As South Africa nears 90 days since the countrywide lockdown began, some of the country’s key figures have had to answer on some of the health, regulatory and governmental decisions they have made.
While there are a number of avenues in which government ministers can respond to questions, one of key ways they are held to account is through written replies to questions posed by opposition MPs.
Below are some of the recent answers provided by Health minister Dr Zweli Mkhize and Cogta minister Nkosazana Dlamini-Zuma.
Health minister Dr Zweli Mkhize
Below are some of the questions which Dr Zweli Mkhize was asked and how he responded.
- What is the new strategy for curbing new community infections for coronavirus?
“The strategy for curbing infections in communities is in keeping with the World Health Organisation’s recommendations, which is to undertake contact tracing, community screening and testing – which has now evolved into targeted community screening, especially in the hotspots (where there is greater than 5 cases per 100,000 population),” said Mkhize.
“The National Department of Health is also working closely with its provincial counterparts to also ensure hospital readiness for Covid-19.
“Moreover, community messaging on social distancing and hygiene practices are being stepped up in provinces, especially where the hotspots have been identified. A revised testing strategy will prioritise those persons who are at very high risk and are symptomatic.”
He added that lockdown has been effective in managing new infections.
“The mathematical models have shown us that we would have had a five times higher mortality if the lockdown was not implemented. Additionally, the lockdown provides the health system an opportunity to plan for the surge of infections.”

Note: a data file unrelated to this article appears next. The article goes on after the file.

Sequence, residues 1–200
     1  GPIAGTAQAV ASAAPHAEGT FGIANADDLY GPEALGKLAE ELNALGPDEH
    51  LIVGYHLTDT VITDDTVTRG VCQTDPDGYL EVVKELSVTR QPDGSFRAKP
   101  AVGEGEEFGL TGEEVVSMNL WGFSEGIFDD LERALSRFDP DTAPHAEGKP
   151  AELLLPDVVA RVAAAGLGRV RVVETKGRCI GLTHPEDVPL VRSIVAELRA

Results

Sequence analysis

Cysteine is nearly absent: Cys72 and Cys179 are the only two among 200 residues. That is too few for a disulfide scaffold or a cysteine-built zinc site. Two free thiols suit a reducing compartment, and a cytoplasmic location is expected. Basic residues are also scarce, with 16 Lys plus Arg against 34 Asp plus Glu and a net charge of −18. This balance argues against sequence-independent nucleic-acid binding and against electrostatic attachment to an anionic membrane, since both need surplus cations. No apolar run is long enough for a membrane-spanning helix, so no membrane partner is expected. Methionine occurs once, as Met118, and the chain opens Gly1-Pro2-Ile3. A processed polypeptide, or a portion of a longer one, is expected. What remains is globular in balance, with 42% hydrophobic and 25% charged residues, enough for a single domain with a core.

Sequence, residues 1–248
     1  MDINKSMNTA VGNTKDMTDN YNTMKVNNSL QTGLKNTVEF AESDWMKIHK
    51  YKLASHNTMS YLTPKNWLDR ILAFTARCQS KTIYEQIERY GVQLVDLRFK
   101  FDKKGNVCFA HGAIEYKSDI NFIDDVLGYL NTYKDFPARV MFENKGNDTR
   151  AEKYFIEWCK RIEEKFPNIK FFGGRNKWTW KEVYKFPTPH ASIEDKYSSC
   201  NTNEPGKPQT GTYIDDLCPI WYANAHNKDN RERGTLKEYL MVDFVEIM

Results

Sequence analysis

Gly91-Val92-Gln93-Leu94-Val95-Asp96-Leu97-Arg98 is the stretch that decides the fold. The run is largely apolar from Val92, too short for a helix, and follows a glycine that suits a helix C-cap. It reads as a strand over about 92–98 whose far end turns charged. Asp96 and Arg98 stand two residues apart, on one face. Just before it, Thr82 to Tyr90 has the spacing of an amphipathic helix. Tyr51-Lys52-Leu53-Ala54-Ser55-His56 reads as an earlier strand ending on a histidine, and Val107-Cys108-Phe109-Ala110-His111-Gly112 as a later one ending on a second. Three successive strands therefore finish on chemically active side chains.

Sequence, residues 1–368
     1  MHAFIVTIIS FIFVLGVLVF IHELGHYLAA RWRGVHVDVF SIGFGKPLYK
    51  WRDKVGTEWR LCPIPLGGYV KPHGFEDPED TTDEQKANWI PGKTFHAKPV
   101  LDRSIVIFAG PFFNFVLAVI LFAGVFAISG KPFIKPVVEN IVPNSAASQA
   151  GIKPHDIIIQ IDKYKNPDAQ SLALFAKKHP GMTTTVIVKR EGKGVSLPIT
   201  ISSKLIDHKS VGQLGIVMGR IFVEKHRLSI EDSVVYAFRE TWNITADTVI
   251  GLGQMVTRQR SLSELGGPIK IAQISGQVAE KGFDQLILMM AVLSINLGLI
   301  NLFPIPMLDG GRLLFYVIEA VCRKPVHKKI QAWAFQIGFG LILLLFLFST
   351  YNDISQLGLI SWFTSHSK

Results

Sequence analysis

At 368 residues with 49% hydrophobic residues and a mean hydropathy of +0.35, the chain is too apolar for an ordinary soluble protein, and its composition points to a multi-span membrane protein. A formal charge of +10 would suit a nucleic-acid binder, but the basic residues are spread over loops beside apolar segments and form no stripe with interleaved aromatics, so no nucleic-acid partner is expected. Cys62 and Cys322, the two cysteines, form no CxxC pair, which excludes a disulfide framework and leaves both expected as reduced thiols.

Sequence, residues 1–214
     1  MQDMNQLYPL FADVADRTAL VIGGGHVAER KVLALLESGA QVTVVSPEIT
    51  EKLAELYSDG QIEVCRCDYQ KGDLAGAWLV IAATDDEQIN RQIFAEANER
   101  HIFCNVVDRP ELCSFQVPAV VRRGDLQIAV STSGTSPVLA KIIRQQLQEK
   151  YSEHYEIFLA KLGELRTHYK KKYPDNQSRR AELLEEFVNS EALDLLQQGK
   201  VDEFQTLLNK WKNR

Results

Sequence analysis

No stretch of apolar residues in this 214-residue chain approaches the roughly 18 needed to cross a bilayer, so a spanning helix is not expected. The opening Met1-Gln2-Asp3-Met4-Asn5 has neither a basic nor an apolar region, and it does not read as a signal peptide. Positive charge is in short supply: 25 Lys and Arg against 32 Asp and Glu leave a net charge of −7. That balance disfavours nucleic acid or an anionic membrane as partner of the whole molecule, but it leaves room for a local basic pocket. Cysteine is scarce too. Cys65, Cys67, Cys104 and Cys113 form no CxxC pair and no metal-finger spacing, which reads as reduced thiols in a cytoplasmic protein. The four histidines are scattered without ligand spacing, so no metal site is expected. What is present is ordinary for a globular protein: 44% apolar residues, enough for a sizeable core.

“The lockdown has achieved both these objectives reducing new infections and providing the healthcare system with more time to prepare for the surge.
“The new strategy is a risk-adjusted model of alert levels based on the level of infection and the health system capacity in an area.
“The health system must focus its energy and resources on these areas where there are high levels of infection. These areas are different from other areas where there is little or no infection. The areas with low risk do not require the stringent restriction that areas of high risk require.
“There is little value in a generalised lockdown when the reality is that there are specific areas of the country that are of high risk (hotspots). These areas require intervention to curb the spread of infection. The risk-adjusted approach is intended to focus our attention on areas that are at high risk. This is a much more efficient approach to responding to Covid-19.”
- What is the total number of ventilators have been procured in the fight against Covid-19?
“As at 15 June 2020, a total of 1,138 ventilators have been procured through Provincial Health Departments as well as National Department and they are all imported with a lead-time of minimum of 3 months and maximum of 9 months,” said Mkhize
“Eastern Cape and Limpopo received 15 of the 60 and 3 of the 133 procured ventilators, respectively. The remaining 1,120 ventilators are still to be delivered.”
- What is the true status of hospitals in handling the pandemic?
Mkhize said that Modelling consortium Incident Management Team has developed detailed projections and recommendations of the hospital requirements in all provinces including isolation beds, general beds and critical care beds.
He added that a National Hospital Readiness Task Team has been established comprising of clinicians, disaster management experts and experienced hospital managers.
“The role of this team is to provide guidance and support to the provinces on all aspects of hospital readiness,” he said.